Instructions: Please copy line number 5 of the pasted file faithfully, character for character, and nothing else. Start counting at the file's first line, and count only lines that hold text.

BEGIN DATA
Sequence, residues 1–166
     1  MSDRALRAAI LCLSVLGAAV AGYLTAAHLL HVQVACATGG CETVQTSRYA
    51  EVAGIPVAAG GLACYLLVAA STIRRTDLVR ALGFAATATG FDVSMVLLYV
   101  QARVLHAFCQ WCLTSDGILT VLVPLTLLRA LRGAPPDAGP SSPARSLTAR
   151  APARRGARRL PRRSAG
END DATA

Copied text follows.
   151  APARRGARRL PRRSAG